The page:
Lear had been denying liability for royalties during the entire life of the patent, the license agreement having been entered into before a patent issued. 395 U.S. at 657-658, 89 S.Ct. 1902. The license agreement called for royalties based upon the use of the alleged invention both before the patent issued and during the life of any patent which might issue. Prior to the issuance of the patent, Lear as licensee notified Adkins as licensor that it had found a patent which it believed fully anticipated Adkins' discovery. Lear terminated all payments under the agreement prior to the issuance of the patent. 395 U.S. at 659-660, 89 S.Ct. 1902. The patent issued in 1960. No royalties were paid after issuance of the patent. Therefore, the above-quoted language of the Supreme Court must be construed in the light of the issue actually before the court, namely, that of licensee estoppel. We do not construe the decision of the Court, in overruling the doctrine of licensee estoppel, to require that a licensor should be compelled to repay all royalties received from its licensees under a license agreement where the patent subsequently is held to be invalid.
In reaching its decision, the District Court relied upon principles of equity, saying: “We cannot, however, see why a licensee who has paid royalties should be in a worse position than one who has not. Moreover, the licensor who has to pay back royalties at least has had the use of the licensee's money.”
To the contrary we conclude that the decision of the District Court reaches an inequitable result. Absent fraud or misconduct,FN5 a patentee should not be held responsible for the issuance of an invalid patent. Patents are creations of Government, issued after examination by the United States Patent Office. This examination includes “a thorough investigation of the available prior art relating to the subject matter sought to be patented” and an evaluation of patentability by the patent examiner. See 37 C.F.R. § 1.104. Schwinn's patent was held invalid by the California District Court and by the Court of Appeals for the Ninth Circuit in view of such “available prior art.” In these circumstances, once a patent has been declared invalid by a court, we do not consider it equitable to require the disenfranchised patentee to refund to all licensees all royalties that have been collected under licensing agreements prior to the adjudication of invalidity.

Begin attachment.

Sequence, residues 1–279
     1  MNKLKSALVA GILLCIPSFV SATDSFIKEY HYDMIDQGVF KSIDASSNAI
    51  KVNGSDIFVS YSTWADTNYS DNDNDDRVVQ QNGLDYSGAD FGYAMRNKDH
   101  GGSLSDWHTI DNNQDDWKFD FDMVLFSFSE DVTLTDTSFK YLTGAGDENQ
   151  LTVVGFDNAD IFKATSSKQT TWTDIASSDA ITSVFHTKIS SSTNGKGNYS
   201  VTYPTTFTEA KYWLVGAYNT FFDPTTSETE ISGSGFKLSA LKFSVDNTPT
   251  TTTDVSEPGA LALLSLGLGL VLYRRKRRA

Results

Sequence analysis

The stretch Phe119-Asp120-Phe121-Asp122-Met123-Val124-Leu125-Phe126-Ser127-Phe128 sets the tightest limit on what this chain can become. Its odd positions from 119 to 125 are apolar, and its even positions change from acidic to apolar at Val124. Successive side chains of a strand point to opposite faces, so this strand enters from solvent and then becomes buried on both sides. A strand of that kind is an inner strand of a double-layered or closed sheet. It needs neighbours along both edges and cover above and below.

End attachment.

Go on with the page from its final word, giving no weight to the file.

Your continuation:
FN5. It has been held, without reliance on Lear, that a licensee is entitled to recoupment of royalties paid when the licensed patent was procured fraudulently. See Nashau Corp. v. RCA Corp., 431 F.2d 220, 227 (1st Cir. 1970); SCM Corp. v. Radio Corp. of America, 318 F.Supp. 433, 470-472 (S.D.N.Y.1970); Schokbeton Prod. Corp. v. Exposaic Indus., Inc., 308 F.Supp. 1366 (N.D.Ga.1969). There is not the slightest suggestion in this record of any wrongful conduct by Schwinn in the procurement of the Brilando patent.